10. Mr. Mahajan then relied upon Balgovind Rastogi v. Bhargava School Book Depot, : AIR1958All369 , which was a case where the notice had been received by some body who had signed acknowledgment on behalf of the addressee. It was held that the onus to prove that the person who signed the acknowledgment was neither his servant nor a member of his family and that the onus of proving that notice has not been received by him was upon the addressee. In the facts of the present case, however, no such acknowledgment had been admitted. In fact an acknowledgment form has been produced and it has been claimed that it bears the signature of the tenant. The tenant, however, has denied his signatures in support of his plea that the notice was never received by him. Needless to say, if the A.D. form had been admittedly signed by the tenant, the controversy would not be occasioned. Similarly, if the A.D. form had been signed on behalf of the tenant, the ratio of the aforesaid judgment would apply and would be for the tenant to prove that he did riot receive the notice in spite of the A.D. form having purportedly signed on his behalf. It is, however, a qualitative difference of facts when the A.D. form purports to bear the signature of the tenant but the same are denied.
11. Mr. Mahajan suggested that it was the duty of the court to havegone into the question of whether the disputed signatures on the A.D. formwere that of the tenant or not. I am afraid I am not aware of any suchduty. Mr. Mahajan has relied upon Bissesswar Poddar v. Nabadwip ChandraPoddar and Anr., 0065/1961 : AIR1961Cal300 , but the relevant portions of thisjudgment only suggest that the court may itself look at the disputed signatures and compare the same with the admitted signatures or hand-writing andcome to a conclusion. The fact that the court may do so or has the power todo so does not. suggest that it has also the duty to clo so.
12. I, thereforee, reiterate that in the facts of this case, the finding that the service of the notice by the landlord on the tenant has not been proved. Is a pure finding of fact, which cannot be interfered with in an appeal under Section 39(2) of the Act.
13. Mr. Mahajan has then drawn my attention to the judgment of Mr. Justice V. S. Deshpande in O.P. Kapoor v. Padma Kaur, reported as 1972 R.C.R. 160 the learned Judge observed :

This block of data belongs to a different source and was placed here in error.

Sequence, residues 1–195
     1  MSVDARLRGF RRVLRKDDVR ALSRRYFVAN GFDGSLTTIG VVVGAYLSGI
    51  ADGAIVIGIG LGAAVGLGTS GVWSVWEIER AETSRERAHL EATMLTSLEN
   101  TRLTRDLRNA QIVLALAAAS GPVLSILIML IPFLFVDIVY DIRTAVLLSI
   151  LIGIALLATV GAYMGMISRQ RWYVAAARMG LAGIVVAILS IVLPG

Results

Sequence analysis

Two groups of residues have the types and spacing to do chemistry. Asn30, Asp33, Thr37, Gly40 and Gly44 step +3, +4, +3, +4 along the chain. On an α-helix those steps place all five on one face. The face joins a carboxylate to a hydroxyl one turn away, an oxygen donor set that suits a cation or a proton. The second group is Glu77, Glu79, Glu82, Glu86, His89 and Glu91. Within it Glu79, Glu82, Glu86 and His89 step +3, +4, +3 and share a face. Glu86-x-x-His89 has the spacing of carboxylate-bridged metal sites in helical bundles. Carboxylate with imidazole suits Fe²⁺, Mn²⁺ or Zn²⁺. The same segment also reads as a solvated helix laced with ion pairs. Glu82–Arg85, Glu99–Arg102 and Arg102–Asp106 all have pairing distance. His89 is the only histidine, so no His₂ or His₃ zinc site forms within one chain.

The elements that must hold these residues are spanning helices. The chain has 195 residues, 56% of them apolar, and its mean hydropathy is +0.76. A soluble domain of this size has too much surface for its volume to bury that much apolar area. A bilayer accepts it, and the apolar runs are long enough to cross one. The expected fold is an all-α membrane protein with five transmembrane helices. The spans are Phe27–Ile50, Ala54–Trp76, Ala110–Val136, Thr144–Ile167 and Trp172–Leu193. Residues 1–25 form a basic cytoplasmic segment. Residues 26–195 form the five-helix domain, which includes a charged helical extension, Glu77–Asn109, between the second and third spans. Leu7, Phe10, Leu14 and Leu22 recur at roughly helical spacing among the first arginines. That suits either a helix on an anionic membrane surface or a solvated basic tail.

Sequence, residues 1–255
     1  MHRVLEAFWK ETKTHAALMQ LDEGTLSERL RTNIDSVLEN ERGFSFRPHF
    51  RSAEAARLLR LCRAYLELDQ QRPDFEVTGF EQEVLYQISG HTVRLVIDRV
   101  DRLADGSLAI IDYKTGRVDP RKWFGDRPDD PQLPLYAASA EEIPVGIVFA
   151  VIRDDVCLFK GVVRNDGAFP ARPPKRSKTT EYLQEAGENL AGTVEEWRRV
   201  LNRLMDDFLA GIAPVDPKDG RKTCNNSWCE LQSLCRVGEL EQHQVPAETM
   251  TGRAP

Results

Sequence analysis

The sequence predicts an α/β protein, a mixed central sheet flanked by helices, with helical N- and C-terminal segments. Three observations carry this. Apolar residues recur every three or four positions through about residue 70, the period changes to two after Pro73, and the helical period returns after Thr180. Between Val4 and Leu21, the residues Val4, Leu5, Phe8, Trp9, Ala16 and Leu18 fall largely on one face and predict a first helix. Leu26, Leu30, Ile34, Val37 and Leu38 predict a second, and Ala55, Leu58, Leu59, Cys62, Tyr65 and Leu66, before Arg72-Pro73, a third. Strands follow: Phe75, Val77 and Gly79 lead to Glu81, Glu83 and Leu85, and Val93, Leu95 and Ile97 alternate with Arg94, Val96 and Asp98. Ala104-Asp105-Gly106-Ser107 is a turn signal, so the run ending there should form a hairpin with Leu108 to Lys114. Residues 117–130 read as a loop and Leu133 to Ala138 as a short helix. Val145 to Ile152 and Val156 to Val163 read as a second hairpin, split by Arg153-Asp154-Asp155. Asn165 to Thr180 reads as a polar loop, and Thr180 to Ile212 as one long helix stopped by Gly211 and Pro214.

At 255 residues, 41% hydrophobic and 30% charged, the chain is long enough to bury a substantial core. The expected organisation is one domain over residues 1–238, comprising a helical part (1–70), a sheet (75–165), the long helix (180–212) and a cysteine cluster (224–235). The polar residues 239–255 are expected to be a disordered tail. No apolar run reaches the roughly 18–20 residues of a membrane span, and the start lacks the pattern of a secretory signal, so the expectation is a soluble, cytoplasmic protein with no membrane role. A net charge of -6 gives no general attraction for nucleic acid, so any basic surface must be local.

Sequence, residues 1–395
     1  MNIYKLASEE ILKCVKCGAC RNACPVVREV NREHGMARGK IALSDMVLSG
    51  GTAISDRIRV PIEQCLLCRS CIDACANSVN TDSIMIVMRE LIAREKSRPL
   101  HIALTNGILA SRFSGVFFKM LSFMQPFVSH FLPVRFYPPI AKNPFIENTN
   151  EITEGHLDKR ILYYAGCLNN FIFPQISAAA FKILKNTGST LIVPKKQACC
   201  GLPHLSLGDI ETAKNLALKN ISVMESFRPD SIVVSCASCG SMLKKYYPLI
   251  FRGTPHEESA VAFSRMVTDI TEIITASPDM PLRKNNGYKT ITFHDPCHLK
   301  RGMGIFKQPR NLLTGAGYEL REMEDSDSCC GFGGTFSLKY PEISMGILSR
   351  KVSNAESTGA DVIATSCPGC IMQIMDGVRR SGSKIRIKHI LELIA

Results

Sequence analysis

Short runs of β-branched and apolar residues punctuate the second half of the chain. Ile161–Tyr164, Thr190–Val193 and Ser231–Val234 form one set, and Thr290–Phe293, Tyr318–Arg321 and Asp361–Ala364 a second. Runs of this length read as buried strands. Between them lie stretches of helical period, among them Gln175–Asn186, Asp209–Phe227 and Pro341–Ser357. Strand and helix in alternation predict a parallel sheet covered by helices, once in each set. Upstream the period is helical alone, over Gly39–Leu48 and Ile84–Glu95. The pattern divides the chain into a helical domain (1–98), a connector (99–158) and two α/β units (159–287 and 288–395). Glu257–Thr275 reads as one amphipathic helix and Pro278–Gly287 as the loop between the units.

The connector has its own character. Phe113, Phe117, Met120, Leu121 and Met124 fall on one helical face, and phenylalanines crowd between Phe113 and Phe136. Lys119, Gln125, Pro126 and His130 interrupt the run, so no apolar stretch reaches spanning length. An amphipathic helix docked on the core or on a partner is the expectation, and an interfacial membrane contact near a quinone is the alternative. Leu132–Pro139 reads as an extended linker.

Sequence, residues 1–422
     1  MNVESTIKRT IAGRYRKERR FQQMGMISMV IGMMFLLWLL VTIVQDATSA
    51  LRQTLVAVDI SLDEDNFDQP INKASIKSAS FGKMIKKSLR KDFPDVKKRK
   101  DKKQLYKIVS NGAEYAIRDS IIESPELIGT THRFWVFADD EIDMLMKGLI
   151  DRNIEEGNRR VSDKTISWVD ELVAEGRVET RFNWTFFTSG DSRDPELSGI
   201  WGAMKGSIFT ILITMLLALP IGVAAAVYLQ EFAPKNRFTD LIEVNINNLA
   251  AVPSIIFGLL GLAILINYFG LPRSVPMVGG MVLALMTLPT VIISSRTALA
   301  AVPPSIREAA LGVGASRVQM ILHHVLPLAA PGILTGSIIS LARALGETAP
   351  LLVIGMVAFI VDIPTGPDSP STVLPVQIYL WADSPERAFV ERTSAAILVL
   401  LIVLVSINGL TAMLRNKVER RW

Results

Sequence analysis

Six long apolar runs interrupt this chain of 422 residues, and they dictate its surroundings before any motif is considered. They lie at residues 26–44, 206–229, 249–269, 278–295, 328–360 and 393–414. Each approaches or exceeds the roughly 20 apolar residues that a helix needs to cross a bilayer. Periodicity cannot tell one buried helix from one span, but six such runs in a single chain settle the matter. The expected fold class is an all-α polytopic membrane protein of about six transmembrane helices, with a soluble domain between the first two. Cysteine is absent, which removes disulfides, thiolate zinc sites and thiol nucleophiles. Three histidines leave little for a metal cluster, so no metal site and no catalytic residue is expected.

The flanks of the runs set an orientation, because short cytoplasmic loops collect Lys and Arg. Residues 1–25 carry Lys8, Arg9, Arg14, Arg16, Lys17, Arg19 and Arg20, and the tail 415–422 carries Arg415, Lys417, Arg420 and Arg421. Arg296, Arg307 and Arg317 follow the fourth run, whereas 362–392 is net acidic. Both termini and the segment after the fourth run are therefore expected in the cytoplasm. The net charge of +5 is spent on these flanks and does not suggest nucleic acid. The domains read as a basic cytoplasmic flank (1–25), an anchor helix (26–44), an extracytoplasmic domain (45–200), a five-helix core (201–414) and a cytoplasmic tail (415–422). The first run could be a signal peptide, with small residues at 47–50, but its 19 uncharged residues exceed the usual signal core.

'I am of the view, thereforee, that the inference from the admitted facts of the case drawn by the Controller that the landlady did not need the premises bonafide for her residence was, correct and that the reversal of the decision of the Controller by the Tribunal was unjustified as the Tribunal had not good grounds to draw a contrary inference from the same facts. As I had occasioned to point out in Saiddudin v. Mahabir Singh, : AIR1971Delhi240 , the inference from primary facts may be called a finding of a secondary fact. Such an inference is one of fact if it can be drawn by a lay man but would be a conclusion of law if it involves construction of a statute. In the present case, the inference is whether the landlady had a bonafide need for the premises within the meaning of Proviso (e) to Section 14(1). This was, thereforee, a question of law. In view of the divergent inference drawn by the Controller and the Tribunal it becomes a substantial question of law within the meaning of Section 39 of the Act giving me jurisdiction to entertain the appeal and decide this question.'
Mr. Mahajan contends that the judgment under appeal being one of reversal, the ratio of the judgment quoted above applies and a substantial question of law is discernible. I am afraid the above observations have no application to the facts of this case which is based on a pure finding of facts of the lack of service of the notice and does not involve any findings by way of inferences.
14. In conclusion, I reiterate my view that no substantial question of law is raised or comes up for being decided in this appeal and the appeal is, thereforee, not maintainable by virtue of Section 39(2) of the Delhi Rent Control Act. The appeal is dismissed with costs.